Teardowns and Disassembly

Silent Changes

Published July 15, 2013

Every so often I get an email asking me to jump in on some forum argument or other. I rarely do that because of the language barrier.

Two of the common languages spoken on forums are CAKWAF (Complete, Absolute Knowledge Without Any Facts) and AFIDAWAB (Any Facts I Don’t Agree With Are Bullstuff). Since I am not fluent in those languages, I tend not to get involved in the more, uhm, enthusiastic online discussions. But sometimes I can’t help myself, repeating the behavior of adding facts to a ‘vigorous’ discussion and always expecting a different result.

This happened recently when a discussion occurred about what the original poster called ‘silent upgrades’ to lenses. As someone who takes apart lenses and cameras for my day job, I did confirm to that person that over the lifespan of a lens, some internal changes may occur and the camera companies don’t make announcements about them. (I don’t like the term ‘silent upgrade’ because such changes aren’t always an upgrade, it may be something as simple as a new vendor supplying a slightly different part. There also seem to be times when the change is actually a downgrade.)

Most of the responses to my statement were written in CAKWAF and AFIDAWAB. Responses claimed with absolute certainty there were laws that prevented any changes once a lens was released unless they were announced (there aren’t). Other people, based on owning two different copies of a certain lens, stated with absolute certainty there were never any changes in the 10-year production cycle of that lens (there were, I’ve seen them). Rather than responding with words, I thought it would be simpler to just take apart a couple of lenses.

The Canon 85 f/1.8 is a very good, reasonably priced lens that’s been popular for two decades. Its external appearance and optical formula have been unchanged for that entire time. It also has a tendency to get dust under the front group, so (because we’re a rental house and people expect to rent clean lenses – not because the dust mattered to photographs) we take them apart to clean them quite often. So here are two copies of the Canon 85mm f/1.8 with the front group removed for cleaning. One of these things is not quite like the other.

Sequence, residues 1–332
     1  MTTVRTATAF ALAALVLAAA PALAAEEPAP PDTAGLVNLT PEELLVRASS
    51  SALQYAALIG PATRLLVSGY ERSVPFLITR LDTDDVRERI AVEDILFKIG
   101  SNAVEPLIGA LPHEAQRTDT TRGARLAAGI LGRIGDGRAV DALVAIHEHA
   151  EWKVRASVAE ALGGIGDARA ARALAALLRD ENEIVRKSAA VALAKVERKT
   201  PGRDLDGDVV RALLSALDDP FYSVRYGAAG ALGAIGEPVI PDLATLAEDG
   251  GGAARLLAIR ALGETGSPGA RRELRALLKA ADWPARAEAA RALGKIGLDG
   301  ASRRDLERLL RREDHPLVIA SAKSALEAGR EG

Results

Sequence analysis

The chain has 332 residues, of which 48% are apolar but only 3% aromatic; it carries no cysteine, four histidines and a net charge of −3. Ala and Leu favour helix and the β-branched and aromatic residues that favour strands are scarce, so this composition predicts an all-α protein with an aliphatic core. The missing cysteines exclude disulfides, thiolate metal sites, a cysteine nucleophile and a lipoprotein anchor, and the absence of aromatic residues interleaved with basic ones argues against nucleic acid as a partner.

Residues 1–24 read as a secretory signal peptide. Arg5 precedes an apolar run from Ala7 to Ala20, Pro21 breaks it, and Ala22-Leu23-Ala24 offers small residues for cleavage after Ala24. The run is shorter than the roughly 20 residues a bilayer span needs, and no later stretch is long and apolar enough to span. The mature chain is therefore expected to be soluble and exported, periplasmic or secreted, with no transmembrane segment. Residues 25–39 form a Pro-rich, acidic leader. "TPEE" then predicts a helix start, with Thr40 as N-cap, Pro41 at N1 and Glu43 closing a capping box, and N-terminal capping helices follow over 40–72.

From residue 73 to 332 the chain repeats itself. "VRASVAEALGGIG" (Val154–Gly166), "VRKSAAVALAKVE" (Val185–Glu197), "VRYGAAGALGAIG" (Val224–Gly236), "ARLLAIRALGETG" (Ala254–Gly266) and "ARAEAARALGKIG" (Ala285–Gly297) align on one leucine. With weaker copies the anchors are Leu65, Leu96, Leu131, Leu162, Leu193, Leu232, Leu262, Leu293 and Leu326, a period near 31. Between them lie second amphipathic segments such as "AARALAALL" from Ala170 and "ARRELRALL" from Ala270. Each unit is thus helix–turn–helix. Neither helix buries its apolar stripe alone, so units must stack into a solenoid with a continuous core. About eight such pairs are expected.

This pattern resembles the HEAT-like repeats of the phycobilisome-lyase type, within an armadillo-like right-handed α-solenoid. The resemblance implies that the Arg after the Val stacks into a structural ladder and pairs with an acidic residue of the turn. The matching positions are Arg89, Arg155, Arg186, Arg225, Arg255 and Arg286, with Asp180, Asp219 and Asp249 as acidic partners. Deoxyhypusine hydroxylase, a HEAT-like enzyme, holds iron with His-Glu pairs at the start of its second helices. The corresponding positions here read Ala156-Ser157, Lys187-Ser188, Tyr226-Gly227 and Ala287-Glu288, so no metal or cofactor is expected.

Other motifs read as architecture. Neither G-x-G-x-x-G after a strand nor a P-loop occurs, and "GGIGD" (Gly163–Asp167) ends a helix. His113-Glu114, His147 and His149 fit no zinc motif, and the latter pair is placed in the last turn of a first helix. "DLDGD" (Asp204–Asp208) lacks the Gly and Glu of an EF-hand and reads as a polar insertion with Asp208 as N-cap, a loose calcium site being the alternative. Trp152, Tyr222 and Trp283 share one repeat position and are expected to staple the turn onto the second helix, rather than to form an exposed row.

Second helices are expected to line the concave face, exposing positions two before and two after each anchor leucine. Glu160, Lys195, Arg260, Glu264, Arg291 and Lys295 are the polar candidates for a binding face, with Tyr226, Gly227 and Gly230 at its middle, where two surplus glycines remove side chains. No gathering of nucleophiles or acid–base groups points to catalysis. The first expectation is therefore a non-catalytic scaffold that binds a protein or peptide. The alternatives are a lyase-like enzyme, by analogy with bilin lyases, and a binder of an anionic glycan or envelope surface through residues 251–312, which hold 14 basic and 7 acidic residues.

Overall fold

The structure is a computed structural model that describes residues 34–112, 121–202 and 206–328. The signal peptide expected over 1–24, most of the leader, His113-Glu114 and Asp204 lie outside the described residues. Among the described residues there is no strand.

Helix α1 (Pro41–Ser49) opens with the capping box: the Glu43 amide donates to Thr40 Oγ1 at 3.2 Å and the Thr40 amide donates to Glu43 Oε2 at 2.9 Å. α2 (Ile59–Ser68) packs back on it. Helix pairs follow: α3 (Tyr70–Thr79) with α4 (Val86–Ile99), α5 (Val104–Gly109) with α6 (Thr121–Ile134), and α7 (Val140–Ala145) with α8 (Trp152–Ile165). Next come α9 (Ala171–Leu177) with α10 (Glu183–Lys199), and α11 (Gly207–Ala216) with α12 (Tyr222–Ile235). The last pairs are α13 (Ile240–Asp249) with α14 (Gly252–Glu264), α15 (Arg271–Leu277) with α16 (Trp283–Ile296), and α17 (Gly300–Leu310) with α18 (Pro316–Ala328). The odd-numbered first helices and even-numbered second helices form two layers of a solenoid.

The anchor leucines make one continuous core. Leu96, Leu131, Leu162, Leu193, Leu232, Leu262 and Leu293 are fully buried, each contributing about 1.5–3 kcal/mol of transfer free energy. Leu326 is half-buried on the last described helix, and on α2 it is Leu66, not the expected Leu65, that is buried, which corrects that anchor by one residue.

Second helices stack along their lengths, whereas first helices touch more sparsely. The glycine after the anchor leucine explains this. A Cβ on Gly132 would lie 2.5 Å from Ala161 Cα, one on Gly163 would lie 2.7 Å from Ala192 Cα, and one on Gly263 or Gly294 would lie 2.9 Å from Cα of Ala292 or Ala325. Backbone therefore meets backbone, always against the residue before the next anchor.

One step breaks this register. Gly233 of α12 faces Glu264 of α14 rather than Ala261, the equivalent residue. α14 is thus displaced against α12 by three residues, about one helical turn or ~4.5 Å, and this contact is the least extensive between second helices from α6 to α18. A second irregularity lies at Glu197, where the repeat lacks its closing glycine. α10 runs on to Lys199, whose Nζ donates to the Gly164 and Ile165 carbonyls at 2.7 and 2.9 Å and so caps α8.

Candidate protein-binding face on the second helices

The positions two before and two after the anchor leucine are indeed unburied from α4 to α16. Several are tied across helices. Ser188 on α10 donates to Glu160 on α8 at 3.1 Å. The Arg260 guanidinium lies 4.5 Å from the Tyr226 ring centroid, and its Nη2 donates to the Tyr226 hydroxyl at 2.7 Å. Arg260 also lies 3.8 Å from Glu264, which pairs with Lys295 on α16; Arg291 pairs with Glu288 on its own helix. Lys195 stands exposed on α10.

A 6-month old Canon 85mm f/1.8 (left) and an 18-month old copy (right).


While identical on the outside, identical optically, and identical in function, the newer one seems to be missing a circuit board. Notice the slot that the connecting wires go through on their way to the main PCB (circuit board) on the back of the lens is still there. There just aren’t any wires going through it.

If we take the mount of the two lenses off, we can see other differences in the PCBs.


A 6-month old Canon 85mm f/1.8 (left) and an 18-month old copy (right).


Obviously the newer version doesn’t have the 5 soldered wires coming up from the accessory board (6 o’clock on the older version) because the circuit board isn’t there. The new PCB board doesn’t even have the solder points to attach those wires and there are some other minor differences in the circuit traces on the PCBs. I didn’t take the PCBs out to show you the bottom side, but if I had you would notice that all the functions of the DC/DC conversion board (the board missing from the newer copy) have been added to the main PCB in the newer copies.

Does it make any difference whatever in how the new copies work compared to the old copies? Nope. I suspect it’s simply that advances in electronics since the lens was first released make it simpler and more cost effective to eliminate the secondary DC/DC conversion board and incorporate those functions into the main PCB. It hasn’t been done to address any reliability issues (the 85 f/1.8 is a rock, it  hardly ever breaks), it doesn’t change function at all, it’s probably just more cost effective.

Sometimes changes like this that occur during the life of a lens (or camera) are done to address a problem. I can think of a half-dozen examples off of the top of my head; a few announced by the manufacturer but most not announced.

These aren’t always ‘secret upgrades’ as the paranoid among us like to think, but sometimes they are. Most often, though, they’re simply a change in subassembly supplier or a more effective way to manufacture a part, like this one.


Roger Cicala


July, 2013

Author: Roger Cicala

I’m Roger and I am the founder of Lensrentals.com. Hailed as one of the optic nerds here, I enjoy shooting collimated light through 30X microscope objectives in my spare time. When I do take real pictures I like using something different: a Medium format, or Pentax K1, or a Sony RX1R.

Posted in Teardowns and Disassembly
  • Deron

    Hi Roger…

    Do you know if Sigma do this as well…I’m very tempted by an 85mm 1.4 of theirs but hear horror stories about focusing.

    If I knew they’d upgraded their process, I’d be inclined to dip my toe in the water.

  • Bill

    To Lyle, regarding the D600. I sent mine into Nikon on July 29th. They suggested I send it in after looking at samples of my spots on images taken before and shortly after a professional cleaning. The repair is covered by warranty and is categorized as B2, meaning “Moderate Repair: Major Parts Replaced.” It is now on a “Parts Hold” status because their major east coast repair facility is awaiting the part. They haven’t told me what the part is, but Thom Hogan on his site says he has received several messages from readers that their shutter mechanism was replaced. So I suspect there has been an upgrade to some part, possibly the shutter mechanism.